Perhaps the most crucial tip is to remove all snow that’s coated on your grill. It’s likely that snow has crept into the entrails of the grill as well, so it’s in your best interest to clean the inside as well. If snow melts on the grill, it’ll render your efforts useless. 

Invest In Additional Fuel  
For your grill to operate at peak efficiency during the winter, it has to work a little harder to emit heat. As a result, it burns more intensely, thus exhausting your fuel resources. With that in mind, it’s advised that you keep extra charcoal or propane on hand. 

Don’t Get Left In The Dark 
During winter, the days feel shorter, and the sun is gone in the blink of an eye. Fortunately, quality outdoor lighting can offset this shortcoming. Most grill aficionados invest in outdoor patio lanterns for an efficient grilling process. 

Close That Lid 
With the grill working exponentially harder to combat the cold, it’s savvy to keep the lid closed as often as possible. Though you may be tempted to check on the progress of your meal, it’ll only prolong the cooking. In short, keeping the lid shut helps reduce heat loss. 

Don’t Postpone Cleaning 
When food freezes, it becomes exceedingly difficult to clean. It’s for this reason why grill experts recommend having warm rags at the ready when the grilling is complete. 

Warm Attire Is What You Desire 
Standing out in the cold is no fun, but it is bearable with the appropriate clothing. Some recommended clothing items for wintertime grilling include heat-resistant gloves, coats, beanies, and sturdy shoes. Articles of clothing that are ill-advised include scarfs and snow gloves.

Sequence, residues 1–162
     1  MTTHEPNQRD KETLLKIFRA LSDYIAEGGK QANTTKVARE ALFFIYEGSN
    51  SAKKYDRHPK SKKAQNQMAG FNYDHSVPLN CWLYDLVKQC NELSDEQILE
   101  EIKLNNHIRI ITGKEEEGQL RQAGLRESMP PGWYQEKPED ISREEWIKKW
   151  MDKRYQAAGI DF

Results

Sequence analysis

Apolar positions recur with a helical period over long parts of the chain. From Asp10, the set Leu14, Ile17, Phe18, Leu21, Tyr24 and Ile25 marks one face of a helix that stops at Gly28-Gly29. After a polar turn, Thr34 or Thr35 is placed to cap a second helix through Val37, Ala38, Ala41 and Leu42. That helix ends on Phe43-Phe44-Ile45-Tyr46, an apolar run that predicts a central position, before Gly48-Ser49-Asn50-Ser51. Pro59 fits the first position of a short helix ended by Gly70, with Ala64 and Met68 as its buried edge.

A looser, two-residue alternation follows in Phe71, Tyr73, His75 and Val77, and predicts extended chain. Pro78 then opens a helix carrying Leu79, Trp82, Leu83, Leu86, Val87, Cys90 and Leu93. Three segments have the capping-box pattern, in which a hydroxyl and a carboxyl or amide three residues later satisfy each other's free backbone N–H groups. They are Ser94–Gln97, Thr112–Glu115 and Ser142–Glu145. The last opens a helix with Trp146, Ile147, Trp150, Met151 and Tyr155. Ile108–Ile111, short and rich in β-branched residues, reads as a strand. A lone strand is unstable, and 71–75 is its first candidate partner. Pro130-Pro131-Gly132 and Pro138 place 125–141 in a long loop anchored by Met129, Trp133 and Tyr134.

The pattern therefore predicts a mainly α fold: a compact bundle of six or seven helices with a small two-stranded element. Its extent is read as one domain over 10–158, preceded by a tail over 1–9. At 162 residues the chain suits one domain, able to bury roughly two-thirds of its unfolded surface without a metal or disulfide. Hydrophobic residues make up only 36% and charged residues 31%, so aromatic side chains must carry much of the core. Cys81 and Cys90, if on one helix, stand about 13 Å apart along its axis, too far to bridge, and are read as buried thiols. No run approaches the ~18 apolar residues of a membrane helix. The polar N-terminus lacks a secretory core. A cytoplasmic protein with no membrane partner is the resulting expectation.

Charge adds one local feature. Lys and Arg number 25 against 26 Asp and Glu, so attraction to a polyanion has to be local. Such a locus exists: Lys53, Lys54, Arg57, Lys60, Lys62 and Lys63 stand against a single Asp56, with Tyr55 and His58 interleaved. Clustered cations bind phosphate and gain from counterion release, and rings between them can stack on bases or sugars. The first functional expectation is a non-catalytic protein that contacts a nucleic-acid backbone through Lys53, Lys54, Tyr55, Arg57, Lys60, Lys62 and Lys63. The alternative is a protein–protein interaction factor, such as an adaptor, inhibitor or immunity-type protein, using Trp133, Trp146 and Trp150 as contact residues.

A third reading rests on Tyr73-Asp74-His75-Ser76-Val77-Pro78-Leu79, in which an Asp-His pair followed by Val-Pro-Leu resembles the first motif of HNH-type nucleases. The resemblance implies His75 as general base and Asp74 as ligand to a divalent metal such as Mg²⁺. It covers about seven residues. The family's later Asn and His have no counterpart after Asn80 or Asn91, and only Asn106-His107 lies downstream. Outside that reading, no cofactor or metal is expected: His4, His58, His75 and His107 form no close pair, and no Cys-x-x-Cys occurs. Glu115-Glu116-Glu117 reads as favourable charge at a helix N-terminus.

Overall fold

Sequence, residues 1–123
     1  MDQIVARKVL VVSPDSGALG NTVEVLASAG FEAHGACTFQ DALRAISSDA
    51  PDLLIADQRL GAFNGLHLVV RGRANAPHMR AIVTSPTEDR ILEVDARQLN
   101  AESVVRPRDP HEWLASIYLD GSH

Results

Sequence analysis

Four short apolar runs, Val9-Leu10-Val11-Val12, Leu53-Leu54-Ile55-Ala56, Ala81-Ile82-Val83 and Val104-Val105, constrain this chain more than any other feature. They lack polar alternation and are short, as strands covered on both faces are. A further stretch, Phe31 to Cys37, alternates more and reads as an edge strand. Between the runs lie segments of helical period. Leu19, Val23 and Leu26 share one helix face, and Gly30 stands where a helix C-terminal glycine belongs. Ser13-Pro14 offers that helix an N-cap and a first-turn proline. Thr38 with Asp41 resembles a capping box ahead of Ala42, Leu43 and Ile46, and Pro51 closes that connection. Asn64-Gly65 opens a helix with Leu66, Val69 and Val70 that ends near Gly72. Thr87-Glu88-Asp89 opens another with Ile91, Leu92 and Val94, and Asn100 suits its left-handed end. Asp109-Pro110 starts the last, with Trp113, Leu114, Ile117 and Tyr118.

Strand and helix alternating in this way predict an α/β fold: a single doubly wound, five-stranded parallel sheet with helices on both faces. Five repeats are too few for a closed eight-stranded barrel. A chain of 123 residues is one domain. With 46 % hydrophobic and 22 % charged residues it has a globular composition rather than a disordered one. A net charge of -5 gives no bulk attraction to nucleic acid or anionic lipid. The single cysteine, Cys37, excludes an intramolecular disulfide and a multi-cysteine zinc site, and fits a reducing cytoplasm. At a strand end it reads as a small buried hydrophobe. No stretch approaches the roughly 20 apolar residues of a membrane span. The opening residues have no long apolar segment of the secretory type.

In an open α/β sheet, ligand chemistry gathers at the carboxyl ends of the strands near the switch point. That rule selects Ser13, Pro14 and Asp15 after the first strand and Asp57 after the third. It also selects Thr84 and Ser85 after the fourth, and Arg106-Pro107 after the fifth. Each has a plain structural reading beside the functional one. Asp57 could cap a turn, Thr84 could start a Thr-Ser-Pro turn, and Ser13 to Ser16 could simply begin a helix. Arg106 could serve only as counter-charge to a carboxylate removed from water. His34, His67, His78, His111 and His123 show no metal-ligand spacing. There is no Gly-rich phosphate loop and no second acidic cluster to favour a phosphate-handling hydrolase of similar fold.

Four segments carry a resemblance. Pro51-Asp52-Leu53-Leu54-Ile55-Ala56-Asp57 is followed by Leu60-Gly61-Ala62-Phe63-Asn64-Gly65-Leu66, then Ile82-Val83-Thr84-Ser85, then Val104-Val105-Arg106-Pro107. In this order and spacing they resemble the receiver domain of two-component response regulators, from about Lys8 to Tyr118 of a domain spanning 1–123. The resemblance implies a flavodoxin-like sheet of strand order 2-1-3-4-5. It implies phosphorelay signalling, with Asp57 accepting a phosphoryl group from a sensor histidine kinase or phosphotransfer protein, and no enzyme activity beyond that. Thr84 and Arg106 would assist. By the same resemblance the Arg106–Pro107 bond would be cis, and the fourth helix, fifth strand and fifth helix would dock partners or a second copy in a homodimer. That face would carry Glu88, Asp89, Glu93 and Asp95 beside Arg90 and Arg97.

Guide To Preparing For Showings

by Sherrie Toth

Long but worth it!

 

The Ultimate Home Seller's Step-By-Step Guide To Preparing For Showings

When you're selling your house, it can be tempting to hope that buyers will see past the surface to the beautiful bone structure of your abode and realize what a lovely life they could make in it. But the truth is that most homes could use a little bit of a facelift before you invite people to walk through and hope they'll make an offer on it.

So what do you need to do, exactly, to get your house into perfect shape, and keep it that way throughout all the showings and events? Here's a complete general and room-by-room rundown of the steps you can take to make and keep your house not only picture-perfect -- but open-house perfect.
 

Getting started
There are a few steps you'll want to take throughout your house in order to get it ready for deep cleaning and make it presentable for showing.

Start by walking through each room and asking yourself what items you haven't used lately or that you can do without for a while. Minimizing the stuff in your house will make it much easier to keep everything clean throughout the selling process, so it's important to try to remove absolutely everything possible.